Pancreatic Cancer Treatment - Signs, Symptoms, Treatment

Pancreatic Cancer Treatment Details

The pancreas is a gland that is located in the abdomen below stomach. It helps in the process of digestion by secreting pancreatic juice and also helps in regulating blood glucose levels. Pancreatic cancer refers to cancer affecting the pancreas, the cancer in pancreas could be benign (does not spread) or malignant (spreading) in nature. Depending upon the diagnosis your doctor will suggest the best option for you to treat the disease.

The pancreas has important functions in our body, it helps in digestion by secreting pancreatic juice and assist in regulating blood glucose levels as well.  Pancreatic cancer hampers both these functions. Pancreatic cancer does not cause much signs and symptoms; when you do get symptoms, they are often vague or you may not notice them. This makes it hard to diagnose cancer at an early stage. However, once you have been diagnosed with the problem, your doctor will assess your current health situation and will learn more about your previous illness as well. After a thorough examination and evaluation, your doctor will choose between surgery, radiation or chemotherapy or a combination of one or more to help you recover fast.

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Before Pancreatic Cancer Treatment

To diagnose pancreatic cancer, certain diagnostic tests will be done to find the stage and cause of it. Moreover, your doctor may ask about your medical history to know more about your symptoms and other possible risk factors. Since pancreatic cancer does not cause much signs and symptoms at early stage, later stages cause symptoms like weight loss, loss of appetite, belly or back pain, liver enlargement, etc. The recommended tests are abdominal ultrasound, Endoscopic ultrasound, MRI, biopsy, PET scan, blood tests, etc.

How it is performed

If you’ve been diagnosed with pancreatic cancer, then different treatment options will be discussed with you depending on the type and stage of the cancer and other factors, treatment options for people with pancreatic cancer can include: 

  • Surgery: Surgery is done to remove the affected part of the pancreas. If a cancer has not metastasized (spread), it is possible to completely cure a patient by surgically removing the cancer from the body. Different surgical procedures are:  
  1. Whipple procedure (most common in cancers of the head of the pancreas): The pancreas head and sometimes the entire organ is removed along with a portion of the stomach, lymph nodes, and other tissue. The procedure is complex and risky with complications such as infections, bleeding, and stomach problems.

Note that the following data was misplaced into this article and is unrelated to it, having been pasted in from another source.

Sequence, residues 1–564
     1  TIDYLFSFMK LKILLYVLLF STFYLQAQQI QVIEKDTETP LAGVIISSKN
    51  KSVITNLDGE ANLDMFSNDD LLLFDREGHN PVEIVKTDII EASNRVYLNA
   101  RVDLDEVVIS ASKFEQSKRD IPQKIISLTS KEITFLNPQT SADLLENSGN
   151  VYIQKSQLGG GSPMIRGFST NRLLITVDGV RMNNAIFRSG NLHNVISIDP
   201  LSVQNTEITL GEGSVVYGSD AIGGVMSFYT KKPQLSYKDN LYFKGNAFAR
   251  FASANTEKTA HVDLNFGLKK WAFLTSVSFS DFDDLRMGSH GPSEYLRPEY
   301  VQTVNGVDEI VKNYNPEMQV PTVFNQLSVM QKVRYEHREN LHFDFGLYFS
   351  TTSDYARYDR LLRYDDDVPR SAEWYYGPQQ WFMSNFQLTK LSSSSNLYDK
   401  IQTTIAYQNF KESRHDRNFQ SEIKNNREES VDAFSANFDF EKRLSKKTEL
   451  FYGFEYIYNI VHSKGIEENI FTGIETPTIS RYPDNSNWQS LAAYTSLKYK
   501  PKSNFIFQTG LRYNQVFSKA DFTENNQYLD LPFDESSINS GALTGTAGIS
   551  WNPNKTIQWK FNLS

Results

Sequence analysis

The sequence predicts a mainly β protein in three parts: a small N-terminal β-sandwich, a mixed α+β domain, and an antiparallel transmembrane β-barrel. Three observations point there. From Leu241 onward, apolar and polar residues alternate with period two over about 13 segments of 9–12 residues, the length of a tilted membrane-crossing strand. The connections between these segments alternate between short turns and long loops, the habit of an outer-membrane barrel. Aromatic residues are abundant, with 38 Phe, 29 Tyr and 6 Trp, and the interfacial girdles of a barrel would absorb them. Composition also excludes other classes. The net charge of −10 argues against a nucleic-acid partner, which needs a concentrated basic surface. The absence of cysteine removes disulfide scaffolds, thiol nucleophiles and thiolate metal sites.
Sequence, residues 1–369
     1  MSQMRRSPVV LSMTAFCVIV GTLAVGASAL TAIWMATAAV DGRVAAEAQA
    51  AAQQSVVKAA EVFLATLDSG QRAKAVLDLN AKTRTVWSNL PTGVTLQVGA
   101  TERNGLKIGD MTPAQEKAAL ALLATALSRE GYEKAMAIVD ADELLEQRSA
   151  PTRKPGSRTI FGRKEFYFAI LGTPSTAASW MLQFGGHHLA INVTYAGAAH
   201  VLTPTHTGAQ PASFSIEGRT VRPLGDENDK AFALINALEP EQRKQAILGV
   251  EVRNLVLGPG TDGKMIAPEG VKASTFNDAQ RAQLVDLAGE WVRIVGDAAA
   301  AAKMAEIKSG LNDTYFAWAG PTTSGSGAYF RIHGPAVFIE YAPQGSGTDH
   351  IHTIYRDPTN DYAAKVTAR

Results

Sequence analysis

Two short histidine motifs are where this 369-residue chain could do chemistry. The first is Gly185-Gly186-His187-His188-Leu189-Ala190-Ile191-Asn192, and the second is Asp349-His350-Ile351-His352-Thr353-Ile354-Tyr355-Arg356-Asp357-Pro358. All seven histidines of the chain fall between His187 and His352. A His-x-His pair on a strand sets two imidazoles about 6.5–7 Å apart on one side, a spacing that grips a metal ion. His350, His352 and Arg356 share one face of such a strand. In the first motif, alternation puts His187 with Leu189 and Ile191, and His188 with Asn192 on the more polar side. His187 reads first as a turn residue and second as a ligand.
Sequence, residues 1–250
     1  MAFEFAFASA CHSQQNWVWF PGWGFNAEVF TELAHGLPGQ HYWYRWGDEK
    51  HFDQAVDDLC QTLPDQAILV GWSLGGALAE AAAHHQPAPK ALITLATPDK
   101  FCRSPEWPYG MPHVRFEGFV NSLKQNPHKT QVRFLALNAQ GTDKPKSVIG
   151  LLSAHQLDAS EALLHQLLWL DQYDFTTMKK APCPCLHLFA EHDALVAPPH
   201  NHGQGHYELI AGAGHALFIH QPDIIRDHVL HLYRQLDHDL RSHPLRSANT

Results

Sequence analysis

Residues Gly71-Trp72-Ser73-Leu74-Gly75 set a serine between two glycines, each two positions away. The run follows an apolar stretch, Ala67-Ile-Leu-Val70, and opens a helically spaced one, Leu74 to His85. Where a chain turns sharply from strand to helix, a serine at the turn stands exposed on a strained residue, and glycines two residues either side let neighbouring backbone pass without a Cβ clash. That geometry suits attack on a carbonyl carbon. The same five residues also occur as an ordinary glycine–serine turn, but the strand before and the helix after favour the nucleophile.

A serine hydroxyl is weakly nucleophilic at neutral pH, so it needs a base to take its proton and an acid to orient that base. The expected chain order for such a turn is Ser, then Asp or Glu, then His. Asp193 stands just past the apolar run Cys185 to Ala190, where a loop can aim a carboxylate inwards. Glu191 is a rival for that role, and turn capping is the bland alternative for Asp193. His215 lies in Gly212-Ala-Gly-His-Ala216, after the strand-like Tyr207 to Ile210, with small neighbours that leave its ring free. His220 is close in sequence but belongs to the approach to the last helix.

2. Distal pancreatectomy: The tail of pancreas is removed, and sometimes part of the main organ along with the spleen. This procedure is usually used to treat islet cell or neuroendocrine tumours.
  3. Total pancreatectomy: The entire pancreas is removed. Although you can live without a pancreas, but you will be diabetic for life long as your body no longer produces insulin.
  • Radidiation: Radiation treatment, also known as radiotherapy, destroys cancerous cells by focusing high-energy rays on the cancer cells. This causes damage to the molecules that make up the cancer cells. Radiotherapy can be used as a standalone treatment to shrink a tumour or destroy cancer cells, and it is also used in combination with other cancer treatments. Radiation treatments for pancreatic cancer are usually given 5 days a week for 5 to 6 weeks.  Chemotherapy:  Chemotherapy is generally used to treat cancer that has spread or metastasized. Chemotherapy uses specially designed drugs which are delivered into the body through various means, the drug has the potential to identify the cancerous cells and to isolate the non-cancerous cells, and this is made possible because the medicines travel throughout the body. Treatment occurs in cycles so the body has time to heal between doses. This is also done after the surgery to reduce the risk of recurrence of pancreatic cancer.
  • Chemotherapy:  Chemotherapy is generally used to treat cancer that has spread or metastasized. Chemotherapy uses specially designed drugs which are delivered into the body through various means, the drug has the potential to identify the cancerous cells and to isolate the non-cancerous cells, and this is made possible because the medicines travel throughout the body. Treatment occurs in cycles so the body has time to heal between doses. This is also done after the surgery to reduce the risk of recurrence of pancreatic cancer.

Recovery

Pancreatic cancer has some common side effects like hair loss, nausea, fatigue, etc. The patient may become weak and feel pain in the treated area, which will heal and recover with time. After the treatment you will have your follow-up appointments. Where the doctor will see how you are recovering. During these visits, your doctors will try to learn more about any discomforts that you might be facing. It is paramount to follow the instructions of your doctor and stick to the advised diet and regime.

Potential Risks

Pancreatic Cancer Treatment is an invasive procedure, so there are chances of wound infections, excessive bleeding or other complications in the treatment area. 

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